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A humble hero reflects: Bill Leone tackled Wendell Williamson in 1995 shooting

Bill Leone stands at the corner of Henderson and Rosemary streets, near where he was 20 years ago when he tackled Wendell Williamson.

Bill Leone stands at the corner of Henderson and Rosemary streets, near where he was 20 years ago when he tackled Wendell Williamson.

Whenever the 46-year-old returns to Chapel Hill, old acquaintances still recognize him when he’s walking down the street.

“Hey, you’re the Chapel Hill hero,” they will say to him.

Leone doesn’t understand it. He never did it for the recognition. On that day 20 years ago, he was just following his gut.

On Jan. 26, 1995, UNC law student Wendell Williamson walked down Henderson Street carrying a semi-automatic rifle. He opened fire and killed two people: Chapel Hill resident Ralph Walker Jr. and UNC student Kevin Reichardt.

Leone, a then-UNC senior and ex-Marine, heard the shots while taking inventory at the Tammany Hall bar on Rosemary Street, where The Chapel Hill Underground is now located. He didn’t think about what to do next. He felt it.

“I was a Marine before I went to college, and I was in the first Desert Storm, and people always attribute it to that,” he said. “I attribute it to being from New Jersey, I don’t know.”

Crawling through the gravel lot beside the bar, he noticed bystanders paused on the streets watching Williamson or watching the event from their windows.

“And I just thought, ‘He’s going to shoot one of these people through a window,’” he said. “They were standing there just looking at the guy.”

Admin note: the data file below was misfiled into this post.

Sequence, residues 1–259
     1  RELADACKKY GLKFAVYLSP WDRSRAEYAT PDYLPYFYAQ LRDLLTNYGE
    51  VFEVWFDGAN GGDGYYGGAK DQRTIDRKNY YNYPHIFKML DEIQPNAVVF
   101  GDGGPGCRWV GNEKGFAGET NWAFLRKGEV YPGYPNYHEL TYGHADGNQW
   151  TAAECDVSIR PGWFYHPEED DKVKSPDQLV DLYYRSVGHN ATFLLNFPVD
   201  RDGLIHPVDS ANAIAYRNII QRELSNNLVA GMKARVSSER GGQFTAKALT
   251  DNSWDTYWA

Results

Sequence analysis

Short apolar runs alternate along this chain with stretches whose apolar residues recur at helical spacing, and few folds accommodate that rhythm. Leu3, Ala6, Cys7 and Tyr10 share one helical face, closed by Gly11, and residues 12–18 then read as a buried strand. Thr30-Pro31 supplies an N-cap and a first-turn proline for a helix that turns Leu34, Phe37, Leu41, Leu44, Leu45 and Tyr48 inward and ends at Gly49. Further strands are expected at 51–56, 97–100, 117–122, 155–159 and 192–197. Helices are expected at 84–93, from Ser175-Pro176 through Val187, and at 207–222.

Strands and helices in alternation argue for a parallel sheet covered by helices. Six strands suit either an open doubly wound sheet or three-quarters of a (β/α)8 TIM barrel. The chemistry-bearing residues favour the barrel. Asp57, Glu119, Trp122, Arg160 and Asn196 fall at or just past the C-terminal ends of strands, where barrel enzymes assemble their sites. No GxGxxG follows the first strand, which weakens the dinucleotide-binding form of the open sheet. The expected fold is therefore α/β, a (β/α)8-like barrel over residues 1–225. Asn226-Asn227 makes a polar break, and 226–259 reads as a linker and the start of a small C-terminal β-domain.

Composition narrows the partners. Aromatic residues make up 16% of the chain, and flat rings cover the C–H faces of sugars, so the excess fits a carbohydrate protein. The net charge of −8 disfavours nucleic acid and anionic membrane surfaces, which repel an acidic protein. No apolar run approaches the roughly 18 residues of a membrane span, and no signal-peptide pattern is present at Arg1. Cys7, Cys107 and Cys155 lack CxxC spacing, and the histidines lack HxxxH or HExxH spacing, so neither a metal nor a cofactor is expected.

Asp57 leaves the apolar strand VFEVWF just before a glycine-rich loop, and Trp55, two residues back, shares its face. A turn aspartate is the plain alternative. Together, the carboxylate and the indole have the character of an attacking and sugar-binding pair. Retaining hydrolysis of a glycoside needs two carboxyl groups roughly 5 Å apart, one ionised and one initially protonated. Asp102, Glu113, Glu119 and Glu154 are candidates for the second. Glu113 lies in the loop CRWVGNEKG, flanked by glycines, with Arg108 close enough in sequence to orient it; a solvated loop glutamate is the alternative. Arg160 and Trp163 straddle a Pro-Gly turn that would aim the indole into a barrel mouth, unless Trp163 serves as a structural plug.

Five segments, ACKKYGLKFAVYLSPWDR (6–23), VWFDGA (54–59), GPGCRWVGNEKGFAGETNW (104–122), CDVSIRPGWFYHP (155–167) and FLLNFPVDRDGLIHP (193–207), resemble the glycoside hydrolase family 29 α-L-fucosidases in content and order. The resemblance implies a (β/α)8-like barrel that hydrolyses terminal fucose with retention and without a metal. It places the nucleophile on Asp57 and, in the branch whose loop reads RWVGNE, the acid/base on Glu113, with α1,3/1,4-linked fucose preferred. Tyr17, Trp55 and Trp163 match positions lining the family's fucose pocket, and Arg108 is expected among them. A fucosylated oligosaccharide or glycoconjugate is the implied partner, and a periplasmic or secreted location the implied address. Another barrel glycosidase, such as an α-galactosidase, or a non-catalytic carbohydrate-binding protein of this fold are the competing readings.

‘I just didn’t feel it’

Leone said he remembers six police officers were already on the scene, shooting at Williamson. Leone approached Williamson.

Williamson turned his gun towards Leone.

Leone dove towards Williamson, tackling him and ending the shooting. Williamson was arrested and later would be charged with two counts of first-degree murder. He was found not guilty by reason of insanity in 1995.

In the process, Leone was shot in the shoulder. The bullet slightly cut him on his shoulder and bounced off.

Leone said it is unclear if one of the six police officers on sight hit Leone or if Williamson did. But Leone didn’t notice he was shot until he arrived at the hospital.

“I just didn’t feel it,” he said.

The day was cold, gray and nasty, by Leone’s accounts, the sky humming of possible rain.

“It wasn’t traumatic to me,” he said. “I never felt like I did enough to garner attention because people died, and so I’ve always kind of let it go.”

The next day, interview requests from media outlets came pouring in. The only interview he did was one of Matt Lauer’s first for the Today Show.

“We had been celebrating all night,” Leone said. “And suddenly at 5:30 (a.m.) there were people knocking at my door.”

He started receiving job offers. During a spring break trip to Mexico, female UNC students whom Leone said would have never talked to him were suddenly interested in his life. Professors were more benevolent towards him. More people were actively trying to be his friend.